The technology is not everything. The technology helps us reach new people, but low-fi things like temporary tattoos that won’t wash off spread the word and face-to-face chats cement the bond.
That thought is not just personal, but a good reminder for when I get lost in the technology of social networks. I could spend hours looking at code, widgets and metrics. But getting out there, talking to some people and handing out pieces of paper will really make a difference as well. Look at the whole Open Newsroom movement, pioneered by folks at JRC and California Watch.
The user is the driver
I swear to God that I only sort of knew what Matt Thompson and Megan Garber were up to. Yet, somehow, our ideas crossed paths.
It is no longer about the brand, the person, or the entity. It’s about the user.
It’s nothing I haven’t written about before (Trust the audience!) but it seemed to come out full-force at ONA11. Not only did @mthomps and @megangarber remind folks that brands cannot be #shelfish, but I pushed social media editors to let go of the notion that we know what our audience will share on networks.
Facebook and Google proved it by blowing up what we knew about news on their platforms. It should be scary, but it’s exciting. We can now get back to really working with our audience and working for them, not just the advertisers.
I’m provoked by the thought that we have access to so much data and the ever-increasing potential to include audiences in our stories. Storify is on the way to releasing new changes and the folks at Chartbeat spoke to me about how much social intelligence I can get from their product. It’s amazing. This can, and probably forever will, change the way we produce journalism.
For some things, there are still no easy answers
My point in longer than 140 characters: While as a minority, I appreciate news outlets’ efforts to include diversity, over the years I’ve grown cynical as to how authentic some of these efforts are. I’ve seen news corporations put up rules like “every story must have a diverse source" and "Every front page must have a diverse face.” While it’s a simple way to increase diversity, what if the from page is about farmers and the pope in Iowa? Are you going to force diversity on the page just to fill that quota? In some instances, I think the answer is yes.
And there comes the rub. Newsrooms are being sacked by a call for more diversity — it’s happening in my own newsroom, too. We all want to hire more diverse candidates, include more diverse stories and show the world from a different viewpoint. Why can’t we find the existing diverse staff, have them help us recruit and tell stories that are relevant to the whole community by asking the community what we’re missing? Here’s where this all usually goes wrong. I have been asked — several times — to write stories about Chinese New Year or some other Asian heritage celebration. First off, you are better off by sending someone who can learn from such an event. Second, covering diversity in the form of holidays, events and protests is not covering diversity.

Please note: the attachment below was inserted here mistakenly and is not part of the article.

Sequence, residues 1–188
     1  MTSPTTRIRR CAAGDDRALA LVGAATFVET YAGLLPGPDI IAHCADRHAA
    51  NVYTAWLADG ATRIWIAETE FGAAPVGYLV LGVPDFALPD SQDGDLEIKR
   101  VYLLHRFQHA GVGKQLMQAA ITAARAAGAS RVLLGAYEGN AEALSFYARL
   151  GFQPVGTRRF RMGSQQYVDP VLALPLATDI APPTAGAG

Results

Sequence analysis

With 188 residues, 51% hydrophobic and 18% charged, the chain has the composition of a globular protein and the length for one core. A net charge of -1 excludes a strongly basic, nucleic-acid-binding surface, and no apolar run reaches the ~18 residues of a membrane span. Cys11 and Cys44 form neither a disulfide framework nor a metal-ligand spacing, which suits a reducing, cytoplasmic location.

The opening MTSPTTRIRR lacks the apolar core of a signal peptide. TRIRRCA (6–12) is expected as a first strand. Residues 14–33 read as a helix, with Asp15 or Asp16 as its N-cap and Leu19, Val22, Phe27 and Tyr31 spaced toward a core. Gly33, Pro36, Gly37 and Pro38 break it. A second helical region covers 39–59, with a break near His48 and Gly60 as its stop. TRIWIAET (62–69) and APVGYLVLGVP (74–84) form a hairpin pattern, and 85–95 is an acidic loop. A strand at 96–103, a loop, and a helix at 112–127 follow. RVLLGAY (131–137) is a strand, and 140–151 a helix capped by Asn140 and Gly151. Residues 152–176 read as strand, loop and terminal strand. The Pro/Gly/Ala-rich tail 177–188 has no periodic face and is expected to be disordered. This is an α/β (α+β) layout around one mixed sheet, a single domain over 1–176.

It’s not an easy problem and I have no easy solutions. But this is not it.
Nor is the issue of how to get more developers into journalism, which I have discussed at length, several times, with the amazing @michelleminkoff. It’s a hard job, pays little and many journo-programmers want to work of data or partially reporting projects, which is understandable. But news sites are in a state of decay and I can’t think of a site that couldn’t use another programmer just to work on making what is there better. No easy answers there either.
But we need to try. And as was the topic of a whole session, we need to learn to fail better.
Last thought: You need a power strip
Even though I was part of the group that help put together sessions, I still can complain about the lack of power outlets. There were several moments during the conference where all my technology was dead or dying. That is not a good thing when you use them to track where everyone is and you know, maybe get some work done.
The amazing @jenleereeves had a power strip and she made some #powerfriends. She gifted what she had to the rest of the conference and we were grateful. I also leeched some powerstrip time from @NABJDigital and her amazing Griffin Powerstrip of which I need to buy.
What lesson is there in this? Bring a goddamned power strip, because there will never be enough plugs. Which really means: I am constantly blown away by the work done by people who sat two feet away from me. @jonkaj of @tizianoproject is a friend of mine, yet I am in absolute awe by the work he and his team accomplish. In a time when we are supposed to be struggling, there is amazing work being done and amazing work left to be done. The well of hope for web journalism will never dry up. So bring a goddamned power strip and let’s make this disco happen.